SkinNinja, a skincare app that allows users to find out what ingredients their skincare products consist of, has raised $1m (£750,000) in funding.

The company, owned by Sciapps Ltd, matches publicly available expert evidence and research on health risks associated with more than 200,000 ingredients. Users are then alerted to possible health risks such as carcinogens or contact allergens.

To date, SkinNinja has raised $1.4m (£1m) and is valued at $4.5m (£3.4m).

The money raised through this Seed round will be used to continue developing the startup’s proprietary tech stack, including machine learning and AI, as well as to invest in key hires and expand the company’s B2B offering.

Investors in the round included Voulez Capital (lead investor), Firestartr and the London Co-Investment Fund (LCIF).

Jo Osborne, the founder and CEO of Sciapps, decided to build the app following her own battle with skin cancer.

She said: “Sciapps is built on the foundation that no matter what someone’s budget, we all have a right to evidence and research which may impact our choices in what we apply to our skin.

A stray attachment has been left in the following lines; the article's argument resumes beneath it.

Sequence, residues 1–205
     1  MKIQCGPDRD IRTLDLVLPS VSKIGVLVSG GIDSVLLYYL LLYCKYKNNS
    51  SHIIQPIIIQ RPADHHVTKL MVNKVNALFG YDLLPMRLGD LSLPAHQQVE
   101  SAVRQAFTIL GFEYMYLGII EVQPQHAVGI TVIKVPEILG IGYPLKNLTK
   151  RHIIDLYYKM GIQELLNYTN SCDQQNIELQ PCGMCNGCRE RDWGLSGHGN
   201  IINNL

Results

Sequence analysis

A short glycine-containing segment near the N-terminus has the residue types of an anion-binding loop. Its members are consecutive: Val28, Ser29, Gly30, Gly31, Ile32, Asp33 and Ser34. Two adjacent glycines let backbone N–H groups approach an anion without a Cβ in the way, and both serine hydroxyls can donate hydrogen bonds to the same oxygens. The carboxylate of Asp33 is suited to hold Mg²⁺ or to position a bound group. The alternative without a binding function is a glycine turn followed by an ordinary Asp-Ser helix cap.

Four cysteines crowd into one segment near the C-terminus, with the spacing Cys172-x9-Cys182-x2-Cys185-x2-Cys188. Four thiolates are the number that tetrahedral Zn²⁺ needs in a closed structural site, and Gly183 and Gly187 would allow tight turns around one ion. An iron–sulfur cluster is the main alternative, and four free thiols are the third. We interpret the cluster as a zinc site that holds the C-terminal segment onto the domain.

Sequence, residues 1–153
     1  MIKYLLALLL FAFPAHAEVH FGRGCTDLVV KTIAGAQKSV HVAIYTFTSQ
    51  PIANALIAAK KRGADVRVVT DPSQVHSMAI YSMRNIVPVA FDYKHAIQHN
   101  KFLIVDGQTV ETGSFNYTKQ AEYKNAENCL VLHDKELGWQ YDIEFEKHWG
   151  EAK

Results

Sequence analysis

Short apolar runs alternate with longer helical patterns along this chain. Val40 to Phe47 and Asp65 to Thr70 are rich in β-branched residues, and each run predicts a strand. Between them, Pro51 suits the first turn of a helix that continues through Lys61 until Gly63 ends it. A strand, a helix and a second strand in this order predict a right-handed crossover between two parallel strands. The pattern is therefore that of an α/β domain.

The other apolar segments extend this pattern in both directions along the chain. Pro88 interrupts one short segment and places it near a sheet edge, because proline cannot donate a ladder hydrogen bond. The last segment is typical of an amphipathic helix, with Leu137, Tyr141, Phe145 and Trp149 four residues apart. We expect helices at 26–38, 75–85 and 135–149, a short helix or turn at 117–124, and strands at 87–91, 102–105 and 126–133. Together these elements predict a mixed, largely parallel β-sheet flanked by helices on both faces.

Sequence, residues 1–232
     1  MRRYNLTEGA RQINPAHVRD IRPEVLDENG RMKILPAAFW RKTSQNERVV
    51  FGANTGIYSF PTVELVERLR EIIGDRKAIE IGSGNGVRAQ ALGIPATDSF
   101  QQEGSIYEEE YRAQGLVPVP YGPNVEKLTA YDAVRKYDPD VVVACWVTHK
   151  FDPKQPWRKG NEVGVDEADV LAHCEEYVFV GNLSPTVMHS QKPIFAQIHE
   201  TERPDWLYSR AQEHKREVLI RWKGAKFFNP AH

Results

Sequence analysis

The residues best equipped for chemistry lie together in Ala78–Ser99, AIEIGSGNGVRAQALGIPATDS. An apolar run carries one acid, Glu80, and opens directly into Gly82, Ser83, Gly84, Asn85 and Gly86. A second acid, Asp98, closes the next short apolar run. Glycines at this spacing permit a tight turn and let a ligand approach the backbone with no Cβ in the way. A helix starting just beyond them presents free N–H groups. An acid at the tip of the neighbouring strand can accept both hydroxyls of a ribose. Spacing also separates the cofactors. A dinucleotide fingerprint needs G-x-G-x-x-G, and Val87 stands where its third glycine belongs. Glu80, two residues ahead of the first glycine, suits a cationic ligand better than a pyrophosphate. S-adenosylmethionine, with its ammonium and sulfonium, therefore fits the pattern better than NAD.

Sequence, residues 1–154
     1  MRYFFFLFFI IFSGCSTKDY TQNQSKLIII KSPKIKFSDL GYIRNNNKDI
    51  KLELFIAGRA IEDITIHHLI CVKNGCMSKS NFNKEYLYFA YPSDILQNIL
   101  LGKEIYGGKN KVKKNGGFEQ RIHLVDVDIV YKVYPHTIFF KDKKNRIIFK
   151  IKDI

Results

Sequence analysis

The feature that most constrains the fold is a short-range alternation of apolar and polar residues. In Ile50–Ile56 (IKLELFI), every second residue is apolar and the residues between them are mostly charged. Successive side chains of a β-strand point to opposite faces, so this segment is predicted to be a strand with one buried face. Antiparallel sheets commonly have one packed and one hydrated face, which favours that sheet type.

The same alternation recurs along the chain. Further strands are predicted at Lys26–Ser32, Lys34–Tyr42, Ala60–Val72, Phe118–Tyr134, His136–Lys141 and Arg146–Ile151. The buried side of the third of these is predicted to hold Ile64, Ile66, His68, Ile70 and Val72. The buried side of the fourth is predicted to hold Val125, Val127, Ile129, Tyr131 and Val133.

“We believe technology is a force for change and greater good to this multi-billion-dollar industry and I am delighted to have found an investor and team who innately understand and support our mission. This investment will see the continued development to our proprietary technology stack, as well as investing in key hires and leading the expansion of our B2B business,” Osborne, who used to work at Google, added.

Voulez Capital is a European venture capital investment fund that specifically backs female founders.

Anya Navidski, the founder and CEO, said she was very proud to have backed SciApps as the fund’s inaugural investment.

“This company and its technology platform will bring much needed clarity, transparency and accountability to the skincare and personal products sector.  

“We welcome Jo Osborne, SciApps founder and an outstanding entrepreneur, into the Voulez Tribe of female founders. She is a great example of how women can build great technology companies to tackle genuine problems and to create real value,” she concluded.